Chances are you probably have an RRSP because you were told it’s good to have one to reduce taxes and also a great way to save for retirement. Generally speaking, RRSP’s are a great vehicle to use, but it’s not appropriate for everyone, and depending on your unique situation, you may be better off not using the RRSP.
Let’s take a look at when you shouldn’t use your RRSP’s
You Have High-Interest Debt: If you have a carry-forward balance on your high-interest credit card from one month to another that you just can’t seem to get rid of, you should not be investing in your RRSP’s. Instead, all of your cash should be re-directed to eliminate this debt.
Your income will be much higher in the future: If you are expecting to earn more money in the future than you do currently, it would benefit you to save your RRSP room to be used in the future when your tax bracket is higher, which will give you a larger tax refund.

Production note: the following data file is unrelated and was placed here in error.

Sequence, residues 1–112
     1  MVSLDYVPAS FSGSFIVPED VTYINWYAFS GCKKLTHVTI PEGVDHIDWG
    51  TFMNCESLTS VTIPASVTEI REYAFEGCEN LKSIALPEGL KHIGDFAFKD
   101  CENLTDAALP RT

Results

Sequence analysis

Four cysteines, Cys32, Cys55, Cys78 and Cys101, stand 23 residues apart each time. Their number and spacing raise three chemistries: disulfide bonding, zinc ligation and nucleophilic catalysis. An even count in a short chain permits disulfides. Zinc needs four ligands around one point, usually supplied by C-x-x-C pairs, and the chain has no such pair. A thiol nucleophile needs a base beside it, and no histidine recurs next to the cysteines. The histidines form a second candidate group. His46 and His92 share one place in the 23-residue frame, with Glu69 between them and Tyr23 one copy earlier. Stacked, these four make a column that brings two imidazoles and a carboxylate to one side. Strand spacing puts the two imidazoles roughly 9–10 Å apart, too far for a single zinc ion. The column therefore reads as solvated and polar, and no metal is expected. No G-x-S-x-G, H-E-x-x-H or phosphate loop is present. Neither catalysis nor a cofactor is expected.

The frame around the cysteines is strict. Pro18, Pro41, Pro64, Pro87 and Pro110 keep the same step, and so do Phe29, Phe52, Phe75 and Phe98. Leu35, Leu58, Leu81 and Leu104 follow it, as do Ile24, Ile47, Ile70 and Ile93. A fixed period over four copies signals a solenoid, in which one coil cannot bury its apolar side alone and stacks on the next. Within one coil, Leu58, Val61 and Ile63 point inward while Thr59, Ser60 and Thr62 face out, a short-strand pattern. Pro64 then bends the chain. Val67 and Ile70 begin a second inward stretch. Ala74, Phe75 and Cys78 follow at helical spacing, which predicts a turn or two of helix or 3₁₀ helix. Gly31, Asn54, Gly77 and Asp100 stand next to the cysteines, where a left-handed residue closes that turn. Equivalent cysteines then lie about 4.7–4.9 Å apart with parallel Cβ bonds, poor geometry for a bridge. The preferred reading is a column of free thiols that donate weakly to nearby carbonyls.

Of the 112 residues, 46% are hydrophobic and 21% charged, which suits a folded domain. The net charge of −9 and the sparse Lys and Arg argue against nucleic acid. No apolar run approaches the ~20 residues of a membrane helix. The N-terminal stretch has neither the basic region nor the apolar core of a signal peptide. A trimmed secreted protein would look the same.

Your current income is low: Every Canadian gets a “basic personal” amount of $11,327. Which means if you earn less than this in any given year, you don’t have taxes to pay, which defeats the purpose of contributing to the RRSP
If you are in a higher income tax bracket at retirement: In theory, the best scenario for an RRSP is when your income in retirement is lower than it is now because of the tax deferral benefit an RRSP gives. If you have a great pension plan with work, and you are a great saver, it is possible your income at retirement will be higher than it is now, and the RRSP will hurt you financially because the taxes you pay when you withdraw the money would have been greater than the tax reduction you got now, eliminating the tax deferral advantage.
You will need this money before retirement: If this money is not set aside for retirement or to buy a home, then the RRSP will not be a suitable vehicle to use and you are better off with a TFSA, where it offers the flexibility to withdraw money any time without tax consequences.